>>  The first order approach is, of course, justified on grounds of performance. It is perfectly "rigorous" in the same sense as any "first order" approach is (i.e. taking a linear approximation to the Taylor series of a non-linear function). It works fine under certain conditions and will produce nonsense when these conditions do not hold.
>> The fact that significance arithmetic is "useful" needs no justification other than the fact that it is used successfully by NSolve and Reduce in achieving validated symbolic results by numerical methods which are vastly faster than purely symbolic ones.
> Really?
> 1. This does not mean that other methods, e.g. validated methods for accurately evaluating polynomials (etc)  NOT based on significance arithmetic would not be faster and better.  DanL claims it is used and useful there, so that's nice.  BUT..
> 2. This does not mean that this arithmetic should be used by default by user arithmetic.
>> It is also useful, for users such as myself, who sometimes need fast first order error anlysis.
> OK, If you find it useful yourself, fine. I daresay you are not a typical user.
>> I have lots of posts by Richard on this topic (or perhaps it was the same post lots of time, it's so hard to tell), but I have never understood what his main point is.
> Main points:  Mathematica's number system is non-standard, peculiar, hard to explain,  capable of returning mysterious non-answers without indications of error to innocent users, a bad foundation for building higher-level functionality.
> I have other criticisms of Mathematica, but I think that the sentence above is enough for you to process today.
>>  It seems to me that is because he himself has not yet decided this, although he has been posting on this topic for over 20 years (I think).
>> Sometimes he seems to be disparaging significance arithmetic itself.
> I think deBoor did that.
>>  When Daniel points out how effective it is in his implementation of numerical Groebner basis, or in Adam Strzebonski's work on Reduce, he either ignores this altogether or claims that Groebner bases, etc.  are themselves not "useful".
> I think Reduce is a very nice program when it works. If I am not mistaken, all work on numerical Groebner basis should be reducible to the evaluation of polynomials, for which there are faster and more accurate methods available not using significance arithmetic.  On the other hand, I might be mischaracterizing DanL work, since I admit to not having studied it.
>> On other occasions he takes on the role of the defender of the interest of the "naive user" (presumably like the OP, who however would be better described as "intentionally naive") who is going to be confused by the "quirky" nature of significance arithmetic (at low precision).
> No, I don't think that slawek was a "troll".  I think he was genuinely confused, as might anyone be who has some prior computer arithmetic exposure and for the first time encounters a system with exact rational arithmetic.
>>  In doing so he conveniently ignores that fact of the existence of thousands of "naive users" who never become confused (sometimes because they always work with machine precision numbers and only use significance arrhythmic unknowingly, e.g. when using Reduce).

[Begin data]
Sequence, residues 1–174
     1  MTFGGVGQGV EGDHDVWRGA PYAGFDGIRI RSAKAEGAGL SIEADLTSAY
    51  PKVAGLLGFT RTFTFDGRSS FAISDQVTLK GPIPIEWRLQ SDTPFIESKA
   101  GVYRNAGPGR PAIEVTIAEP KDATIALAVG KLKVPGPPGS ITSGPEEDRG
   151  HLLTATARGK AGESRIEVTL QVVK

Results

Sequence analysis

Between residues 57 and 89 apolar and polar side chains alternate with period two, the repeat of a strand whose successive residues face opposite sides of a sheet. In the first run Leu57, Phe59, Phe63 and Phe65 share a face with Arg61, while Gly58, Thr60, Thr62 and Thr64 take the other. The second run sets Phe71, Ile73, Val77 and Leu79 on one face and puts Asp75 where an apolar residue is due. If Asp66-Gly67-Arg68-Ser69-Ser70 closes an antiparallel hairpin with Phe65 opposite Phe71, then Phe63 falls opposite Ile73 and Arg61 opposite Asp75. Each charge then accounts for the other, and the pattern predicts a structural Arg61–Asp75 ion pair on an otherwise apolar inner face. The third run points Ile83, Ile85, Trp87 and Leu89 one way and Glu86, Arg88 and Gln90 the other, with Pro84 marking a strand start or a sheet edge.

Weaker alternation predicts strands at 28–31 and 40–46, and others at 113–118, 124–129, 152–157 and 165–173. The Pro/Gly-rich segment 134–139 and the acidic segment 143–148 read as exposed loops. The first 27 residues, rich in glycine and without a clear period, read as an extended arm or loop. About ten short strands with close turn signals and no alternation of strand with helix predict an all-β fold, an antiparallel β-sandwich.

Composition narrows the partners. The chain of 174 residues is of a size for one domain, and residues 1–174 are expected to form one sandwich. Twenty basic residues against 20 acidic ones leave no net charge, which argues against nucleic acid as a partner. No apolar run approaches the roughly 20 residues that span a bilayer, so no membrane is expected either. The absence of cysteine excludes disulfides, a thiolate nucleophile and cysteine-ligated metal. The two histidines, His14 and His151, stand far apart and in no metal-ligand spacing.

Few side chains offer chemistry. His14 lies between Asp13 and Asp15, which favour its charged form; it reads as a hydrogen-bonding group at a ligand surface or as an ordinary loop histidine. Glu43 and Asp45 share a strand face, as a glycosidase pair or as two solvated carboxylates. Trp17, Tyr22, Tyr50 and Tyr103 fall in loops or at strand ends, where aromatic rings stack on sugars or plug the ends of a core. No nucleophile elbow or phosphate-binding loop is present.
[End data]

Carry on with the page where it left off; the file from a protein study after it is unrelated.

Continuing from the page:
> Most naive users don't tread near the dangerous spots. Some naive users never notice that their answers are nonsense.
> Every so often we get a naive user who DOES notice, and he/she sends email to this newsgroup.
>>  And moreover, for those who do find a need for some sort of error analysis he offers no alternative, except perhaps to learn backward error analysis.
> Actually, there's a whole bunch of libraries of methods with error estimates for common computations, where backward error analysis or some other method was used to provide extra information.
>>  Except, of course, that should they do so they would no longer be "naive" and thus outside of Richard's area of concern.
> They would probably not be writing in Mathematica.
>> And in any case, anyone who needs and understands backward error analysis can use it now, and can't imagine that even Richard would claim that reducing users' options is a good thing.
> I have no problem with Mathematica providing as an option, some other arithmetic.  It is WRI that has made it rather hard for the user to
> figure out how to  "use the arithmetic of the rest of the world".
>> Finally, perhaps all that Richard is so upset about is simply Mathematica's habit of defining numbers as "fuzz balls" or "distributions".
> I'm not sure that "upset" is the right term.  After all, I don't have to use Mathematica for numerical computation. And I rarely do.
>> In other words, if Mathematica used a more usual "definition" of number, and used significance arithmetic for "error" propagation, that would be done by applying some separate function or turning on an option,  than everything would be fine?
> Actually, that's pretty close to correct.
>> If that is all, than it seems to me that Richard has for years been making mountains of molehills.
> So why are you (and WRI)  so opposed to this notion?  Note that it would also have to affect other parts of the system including of course,
> Equal and friends.
>> Andrzej Kozlowski